National Gallery thanks construction workers with appreciation event, photoshoot

National Gallery thanks construction workers with appreciation event, photoshoot
PHOTO: National Gallery Singapore

SINGAPORE - The highly-anticipated opening of the new National Gallery Singapore will see the addition of a new landmark in Singapore's Civic District.

But while the gallery may now look like an architectural wonder, thousands of unheralded workers were involved in the restorative construction to transform two of Singapore's most iconic buildings, the former Supreme Court and City Hall, into the new museum.

To acknowledge and recognise the time and effort that went into its construction, the gallery recently held an appreciation event for more than 250 contractors and construction workers on Jul 3.

The event was co-hosted with the project's main contractor Takenaka, as well as consultants studioMilou Architecture and CPG Consultants.

Between 1,800 and 2,000 workers worked on the construction of the 64,000 sq m museum.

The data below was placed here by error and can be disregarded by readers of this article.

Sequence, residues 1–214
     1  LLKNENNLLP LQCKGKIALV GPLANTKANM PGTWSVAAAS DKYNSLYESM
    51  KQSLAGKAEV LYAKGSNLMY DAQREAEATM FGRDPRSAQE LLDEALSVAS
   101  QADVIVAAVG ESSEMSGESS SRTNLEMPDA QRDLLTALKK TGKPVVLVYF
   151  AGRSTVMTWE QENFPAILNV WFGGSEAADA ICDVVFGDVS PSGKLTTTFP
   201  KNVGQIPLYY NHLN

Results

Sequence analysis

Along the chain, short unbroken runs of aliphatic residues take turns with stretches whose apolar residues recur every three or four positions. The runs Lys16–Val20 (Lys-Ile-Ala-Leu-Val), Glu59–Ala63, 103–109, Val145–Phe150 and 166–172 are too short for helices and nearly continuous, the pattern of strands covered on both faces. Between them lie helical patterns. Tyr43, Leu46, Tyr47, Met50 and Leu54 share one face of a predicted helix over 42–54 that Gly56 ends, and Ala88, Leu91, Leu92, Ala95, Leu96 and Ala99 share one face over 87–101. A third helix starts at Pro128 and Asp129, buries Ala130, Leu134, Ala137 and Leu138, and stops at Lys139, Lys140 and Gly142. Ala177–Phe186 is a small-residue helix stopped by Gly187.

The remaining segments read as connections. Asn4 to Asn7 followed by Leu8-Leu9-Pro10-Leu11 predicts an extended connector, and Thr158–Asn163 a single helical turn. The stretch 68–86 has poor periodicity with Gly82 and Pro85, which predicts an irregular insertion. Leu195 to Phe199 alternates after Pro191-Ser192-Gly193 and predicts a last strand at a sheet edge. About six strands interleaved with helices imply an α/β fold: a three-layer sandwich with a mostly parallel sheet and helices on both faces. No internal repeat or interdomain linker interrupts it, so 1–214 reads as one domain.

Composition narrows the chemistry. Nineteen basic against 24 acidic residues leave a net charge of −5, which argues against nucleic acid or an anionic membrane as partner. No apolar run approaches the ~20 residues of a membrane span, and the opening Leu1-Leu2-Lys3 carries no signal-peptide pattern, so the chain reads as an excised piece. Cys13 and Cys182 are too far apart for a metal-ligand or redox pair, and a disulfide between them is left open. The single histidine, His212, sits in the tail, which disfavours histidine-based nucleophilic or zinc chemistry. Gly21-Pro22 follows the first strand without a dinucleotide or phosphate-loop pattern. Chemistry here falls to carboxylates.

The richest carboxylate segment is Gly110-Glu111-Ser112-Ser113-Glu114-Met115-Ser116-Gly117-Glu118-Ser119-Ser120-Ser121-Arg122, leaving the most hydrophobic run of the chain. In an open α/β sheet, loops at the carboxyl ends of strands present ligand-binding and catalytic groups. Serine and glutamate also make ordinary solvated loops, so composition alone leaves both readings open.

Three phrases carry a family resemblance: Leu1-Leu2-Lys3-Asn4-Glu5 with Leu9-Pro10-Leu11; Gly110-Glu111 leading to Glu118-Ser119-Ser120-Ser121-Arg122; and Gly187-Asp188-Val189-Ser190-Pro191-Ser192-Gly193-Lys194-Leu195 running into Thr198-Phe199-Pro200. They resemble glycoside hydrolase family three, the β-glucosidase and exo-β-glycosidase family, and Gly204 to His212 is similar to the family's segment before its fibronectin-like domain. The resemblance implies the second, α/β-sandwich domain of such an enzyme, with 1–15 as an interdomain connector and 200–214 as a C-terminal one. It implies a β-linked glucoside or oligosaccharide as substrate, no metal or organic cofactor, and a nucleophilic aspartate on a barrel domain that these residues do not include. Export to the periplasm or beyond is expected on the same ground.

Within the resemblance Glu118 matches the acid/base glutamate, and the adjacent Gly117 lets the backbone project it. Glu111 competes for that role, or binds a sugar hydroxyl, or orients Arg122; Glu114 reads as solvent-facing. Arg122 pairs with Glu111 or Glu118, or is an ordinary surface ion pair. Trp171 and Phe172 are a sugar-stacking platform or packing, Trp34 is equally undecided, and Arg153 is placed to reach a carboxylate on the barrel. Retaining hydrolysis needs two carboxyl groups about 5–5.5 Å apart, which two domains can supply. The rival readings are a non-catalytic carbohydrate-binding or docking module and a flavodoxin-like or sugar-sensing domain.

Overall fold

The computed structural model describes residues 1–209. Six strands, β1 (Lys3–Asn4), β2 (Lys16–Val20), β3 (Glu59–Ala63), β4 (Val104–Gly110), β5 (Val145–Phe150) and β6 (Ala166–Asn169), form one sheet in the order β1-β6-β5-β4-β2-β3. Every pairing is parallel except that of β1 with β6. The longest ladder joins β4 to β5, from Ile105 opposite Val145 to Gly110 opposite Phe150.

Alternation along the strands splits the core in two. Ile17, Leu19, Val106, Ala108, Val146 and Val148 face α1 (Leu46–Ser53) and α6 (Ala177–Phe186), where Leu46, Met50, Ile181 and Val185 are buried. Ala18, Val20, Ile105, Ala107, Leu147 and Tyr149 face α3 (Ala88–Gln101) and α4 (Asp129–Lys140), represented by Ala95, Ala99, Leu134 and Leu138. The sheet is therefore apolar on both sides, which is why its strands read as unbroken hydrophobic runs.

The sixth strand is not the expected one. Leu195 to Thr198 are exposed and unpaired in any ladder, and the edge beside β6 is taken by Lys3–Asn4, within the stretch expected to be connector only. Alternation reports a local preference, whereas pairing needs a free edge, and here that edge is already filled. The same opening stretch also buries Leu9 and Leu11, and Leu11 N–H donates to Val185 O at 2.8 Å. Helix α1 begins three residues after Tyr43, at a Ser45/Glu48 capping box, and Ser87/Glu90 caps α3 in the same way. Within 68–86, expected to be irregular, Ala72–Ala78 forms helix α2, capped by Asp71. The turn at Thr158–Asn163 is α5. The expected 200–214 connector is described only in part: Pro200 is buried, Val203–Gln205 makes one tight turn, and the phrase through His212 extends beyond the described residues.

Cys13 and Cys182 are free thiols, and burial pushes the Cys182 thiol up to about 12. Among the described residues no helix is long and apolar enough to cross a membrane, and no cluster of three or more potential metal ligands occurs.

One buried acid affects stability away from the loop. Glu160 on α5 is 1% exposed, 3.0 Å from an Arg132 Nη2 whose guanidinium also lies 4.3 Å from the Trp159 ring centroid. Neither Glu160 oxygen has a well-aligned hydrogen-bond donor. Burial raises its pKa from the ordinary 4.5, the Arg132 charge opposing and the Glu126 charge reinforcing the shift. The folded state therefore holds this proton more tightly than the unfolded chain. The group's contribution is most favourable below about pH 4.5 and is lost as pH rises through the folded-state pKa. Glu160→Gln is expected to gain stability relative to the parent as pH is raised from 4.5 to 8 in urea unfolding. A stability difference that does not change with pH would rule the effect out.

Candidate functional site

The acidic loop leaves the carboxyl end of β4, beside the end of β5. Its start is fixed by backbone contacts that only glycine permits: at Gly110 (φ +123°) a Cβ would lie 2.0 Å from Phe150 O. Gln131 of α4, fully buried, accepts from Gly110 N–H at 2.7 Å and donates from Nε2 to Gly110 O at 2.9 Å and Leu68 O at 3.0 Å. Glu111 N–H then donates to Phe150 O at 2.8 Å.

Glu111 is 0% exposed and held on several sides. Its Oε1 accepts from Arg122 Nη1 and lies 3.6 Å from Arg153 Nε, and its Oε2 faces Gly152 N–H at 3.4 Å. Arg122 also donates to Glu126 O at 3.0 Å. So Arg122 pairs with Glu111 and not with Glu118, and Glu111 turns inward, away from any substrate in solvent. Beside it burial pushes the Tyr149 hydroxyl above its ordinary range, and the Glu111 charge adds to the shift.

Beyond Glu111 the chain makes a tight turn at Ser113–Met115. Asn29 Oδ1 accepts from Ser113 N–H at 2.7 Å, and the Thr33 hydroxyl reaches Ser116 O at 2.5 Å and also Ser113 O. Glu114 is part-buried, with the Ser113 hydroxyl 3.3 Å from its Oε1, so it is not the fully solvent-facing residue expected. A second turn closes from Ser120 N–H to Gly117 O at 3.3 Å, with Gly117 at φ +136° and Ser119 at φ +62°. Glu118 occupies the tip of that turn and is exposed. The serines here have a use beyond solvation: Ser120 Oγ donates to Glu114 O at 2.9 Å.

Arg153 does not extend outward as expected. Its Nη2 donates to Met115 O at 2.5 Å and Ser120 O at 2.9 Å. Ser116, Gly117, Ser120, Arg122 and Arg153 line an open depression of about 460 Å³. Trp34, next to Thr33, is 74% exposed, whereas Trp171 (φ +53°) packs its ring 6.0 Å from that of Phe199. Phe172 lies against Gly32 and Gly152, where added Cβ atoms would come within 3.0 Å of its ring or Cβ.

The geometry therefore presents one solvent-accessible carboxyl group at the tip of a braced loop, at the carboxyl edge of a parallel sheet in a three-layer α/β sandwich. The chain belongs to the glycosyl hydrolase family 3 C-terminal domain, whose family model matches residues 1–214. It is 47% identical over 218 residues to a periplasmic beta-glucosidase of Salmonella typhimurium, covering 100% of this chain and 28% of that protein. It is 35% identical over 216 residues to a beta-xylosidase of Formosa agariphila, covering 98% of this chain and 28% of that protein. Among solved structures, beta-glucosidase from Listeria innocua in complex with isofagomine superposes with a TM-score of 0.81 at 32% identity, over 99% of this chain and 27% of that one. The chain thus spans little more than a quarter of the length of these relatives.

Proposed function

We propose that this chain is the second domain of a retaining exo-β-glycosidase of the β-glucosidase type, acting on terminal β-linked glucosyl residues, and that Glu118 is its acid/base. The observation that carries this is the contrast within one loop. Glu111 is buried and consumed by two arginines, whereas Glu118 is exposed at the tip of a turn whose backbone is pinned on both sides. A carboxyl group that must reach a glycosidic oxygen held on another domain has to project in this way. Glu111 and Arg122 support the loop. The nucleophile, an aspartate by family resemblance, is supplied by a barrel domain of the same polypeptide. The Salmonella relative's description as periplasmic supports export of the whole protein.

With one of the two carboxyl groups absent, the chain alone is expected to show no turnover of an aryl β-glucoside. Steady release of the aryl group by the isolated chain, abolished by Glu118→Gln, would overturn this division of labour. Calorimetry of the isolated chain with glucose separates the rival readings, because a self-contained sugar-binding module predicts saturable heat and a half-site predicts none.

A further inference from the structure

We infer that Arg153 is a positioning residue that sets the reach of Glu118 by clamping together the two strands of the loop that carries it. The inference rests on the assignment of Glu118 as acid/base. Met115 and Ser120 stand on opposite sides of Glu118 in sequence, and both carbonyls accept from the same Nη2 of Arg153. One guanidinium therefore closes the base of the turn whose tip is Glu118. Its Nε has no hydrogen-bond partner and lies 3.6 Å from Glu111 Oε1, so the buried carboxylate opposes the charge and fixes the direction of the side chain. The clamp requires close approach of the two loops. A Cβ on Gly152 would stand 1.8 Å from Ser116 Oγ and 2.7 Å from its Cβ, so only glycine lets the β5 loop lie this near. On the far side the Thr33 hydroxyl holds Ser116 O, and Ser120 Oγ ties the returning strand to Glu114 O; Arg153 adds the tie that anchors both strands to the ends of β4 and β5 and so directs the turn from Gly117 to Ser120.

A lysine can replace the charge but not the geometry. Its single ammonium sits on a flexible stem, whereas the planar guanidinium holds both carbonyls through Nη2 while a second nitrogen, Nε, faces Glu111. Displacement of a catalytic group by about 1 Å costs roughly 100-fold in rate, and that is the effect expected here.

One of the most notable features of the project is the construction of a futuristic-looking statement roof, made of glass, steel and aluminium, that links the Supreme Court and City Hall buildings.

Modern requirements for a world-class art gallery, including appropriate lighting and air-conditioning, also presented the challenge of modernising the two buildings without compromising their historical legacy.

At the event, National Gallery Singapore chief executive Ms Chong Siak Ching acknowledged that the project had not been an easy one and thanked the workers for their contributions.

"We would like to thank all of you for being a part of this project, and for working under the hot sun, and sometimes the rain, and taking a lot of risks."

"You have all been involved in the design and construction of something that's very important to Singapore," she added.

National Gallery Singapore also shared photos of the event and featured stories and short profiles of some of the workers on Facebook.

One of the workers featured was Milon, a work safety supervisor, who said that one of the biggest challenges was battling natural elements such as rain which made the excavation site difficult to work in.

When it opens in Nov, the museum, which cost about $530 million to retrofit, will house the largest collection of Southeast Asian art in the world.

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